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Tuesday, June 06, 2006 CE

Update regarding the Peruvian Presidential elections


This is the final update regarding the elections in my country, which Diane S, very kindly asked me to write about 2 months ago. The runoff was finally won by Alan Garcia, a center-left politician ho was president of Peru in the period 1985-1990 and that was a disastrous government, which ended in hyperinflation, rampant guerrilla activity and corruption scandals. The loser, Ollanta Humala, is a newcomer to the Peruvian politics and tried to convince the people from a nationalist platform. Many people wrongfully believe that he is a left wing politician. He used the ideal of redistribution of wealth in order to obtain support for a nationalist, ethnocentric (respect to the Indian people), militaristic project. Hugo Chavez was, for sure, supporting his candidacy.

For Peru, I believe, that, in spite of the poor record of Mr. Garcia, democracy has won a a battle. He is a more mature politician now and he does not want to go into the history books as one of the worst presidents in Peruvian history. The socialdemocrat ideology has won a battle and this is positive.

For South America, it is also positive that the influence of Chavez has been at least controlled. Center-left, socialist goverments like the Brazilian and the Chilean have been struggling to control him. In Peru would have fallen into Humala's hands, Chavez would have won an important access to the Pacific Ocean, would have had a say in the handling of the enormous natural gas reservoirs and their ports for exporting it. Besides Colombia, there is no space of right wing governments in South America. The only reason for the maintenance the right there is the presence of the FARC and the need for an opposing ideology to fight it.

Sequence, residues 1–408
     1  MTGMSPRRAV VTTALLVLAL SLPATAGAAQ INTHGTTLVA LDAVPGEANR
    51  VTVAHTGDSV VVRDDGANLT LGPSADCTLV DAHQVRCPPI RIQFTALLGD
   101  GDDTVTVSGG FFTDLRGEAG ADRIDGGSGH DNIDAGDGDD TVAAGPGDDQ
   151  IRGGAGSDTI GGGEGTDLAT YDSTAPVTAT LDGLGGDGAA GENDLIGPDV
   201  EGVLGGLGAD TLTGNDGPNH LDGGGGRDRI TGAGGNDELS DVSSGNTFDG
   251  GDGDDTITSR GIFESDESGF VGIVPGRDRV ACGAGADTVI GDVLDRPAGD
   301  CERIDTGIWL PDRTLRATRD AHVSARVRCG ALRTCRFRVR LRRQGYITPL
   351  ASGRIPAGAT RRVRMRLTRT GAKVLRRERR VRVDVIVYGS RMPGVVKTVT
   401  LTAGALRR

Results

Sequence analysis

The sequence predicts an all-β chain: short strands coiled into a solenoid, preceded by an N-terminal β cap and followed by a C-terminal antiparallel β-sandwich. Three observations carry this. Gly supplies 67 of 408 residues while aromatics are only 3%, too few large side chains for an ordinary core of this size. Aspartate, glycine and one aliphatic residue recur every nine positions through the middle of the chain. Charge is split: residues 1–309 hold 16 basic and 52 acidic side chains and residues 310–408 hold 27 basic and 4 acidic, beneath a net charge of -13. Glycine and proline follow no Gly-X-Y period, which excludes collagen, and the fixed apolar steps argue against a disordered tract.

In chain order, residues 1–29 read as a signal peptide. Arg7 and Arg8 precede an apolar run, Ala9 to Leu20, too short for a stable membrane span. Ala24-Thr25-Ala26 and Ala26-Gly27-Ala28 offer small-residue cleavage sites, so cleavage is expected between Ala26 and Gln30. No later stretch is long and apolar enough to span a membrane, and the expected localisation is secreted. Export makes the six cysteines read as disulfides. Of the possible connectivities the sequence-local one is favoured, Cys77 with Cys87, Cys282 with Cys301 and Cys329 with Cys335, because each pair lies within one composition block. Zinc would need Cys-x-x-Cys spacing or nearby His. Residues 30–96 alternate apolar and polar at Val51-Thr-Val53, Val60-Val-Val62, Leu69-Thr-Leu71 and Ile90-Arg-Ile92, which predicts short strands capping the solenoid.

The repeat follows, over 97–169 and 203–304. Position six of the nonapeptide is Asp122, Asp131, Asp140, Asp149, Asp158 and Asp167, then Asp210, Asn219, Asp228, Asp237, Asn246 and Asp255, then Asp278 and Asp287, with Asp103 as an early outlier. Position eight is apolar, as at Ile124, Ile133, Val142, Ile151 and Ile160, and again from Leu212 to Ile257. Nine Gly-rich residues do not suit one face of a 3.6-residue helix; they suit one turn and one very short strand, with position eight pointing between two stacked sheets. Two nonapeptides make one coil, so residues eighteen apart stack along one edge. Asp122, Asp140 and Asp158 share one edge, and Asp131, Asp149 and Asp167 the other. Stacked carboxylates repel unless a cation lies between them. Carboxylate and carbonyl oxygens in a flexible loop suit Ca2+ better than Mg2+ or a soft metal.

Finally one more thing. The exit polls were accurate, with a 0.2 % difference from the official results. For those who have an idea of how Peru is, meaning the difficulty of its geography, the countless ethnic groups and languages spoken, the nature of teh roads and the levels of literacy in some places, it is truly remarkable that the pollsters could achieve such a close approximation. In fact, this has been the case of all elections in Peru, except the one in the 2000, when in fraudulent elections Fujimori "won". After seeing this, for me it is very hard to interpret the 3-4% difference between the exit polls in Ohio and the official results of the US general election. Ohio has far more experienced pollsters, a more homogeneous population, better levels of literacy, it is covered by freeways and is is almost geographically flat compared to Peru. ... Just to think about it.

5 Comments:

Blogger Sherril said...

Marcos,
I see by reviewing your past few posts that you, like myself, had taken a bit of an hiatus from blogland. I expect on your part, you have been otherwise occupied with work and Medical School. I am glad to see you are back. I'd commented on your last post regarding your homeland, Peru. I'm glad to see you back and hope to see more of you. As always, I welcome you to my Meanderings, once again, Sherril

12:04 AM  
Blogger Truth Seeker said...

Marco,

Maybe the polls are more accurate in Peru because the people are more honest about how they voted.

Or, maybe the pollsters are more professional and don't let their own bias affect how they count...

Thanks for the update. I hope the people of Peru get what they want. Of course, almost half "lost".

Q



Q

9:28 PM  
Blogger Diane S. said...

This is fascinating. In America, I don't think there's a chance a politician with his record could have been re-elected, and a candidate for president who has lost once is likely never to run again.

I'm glad you feel good about the results. Given the choices, so do I. But then it always comes to that, doesn't it? "Given the choices..."

Thanks for indulging me and keeping us updated on this. I think Americans need desperately to know more about global politics.

2:28 PM  
Blogger Kristine said...

Marco,
It’s good to get a perspective from someone who knows. When I saw the film “The Revolution Will Not Be Televised,” I certainly sympathized with Chavez, but I must say that some of his actions since (especially cozying up to Iran) have made me nervous. I don’t like nationalist platforms and paranoia—-which is not to say that I like blowhards like Pat “We should take him out” Robertson. However, I did not know much about the candidates running in Peru.

Fujimori is certainly a subject for a rock opera. Is he in Japan, or did he attempt to go home? I can’t remember.

7:28 PM  
Blogger Doctor Marco said...

Kristine:

Fujimori is now in Chile under investigation. He was initially arrested, but now he is at home. I agree that he is a weird character.

Nationalism can go hand in hand wth racism and other intolerant ideas. Humala' platfform had a lot of Indian racism against other races.

9:18 AM  

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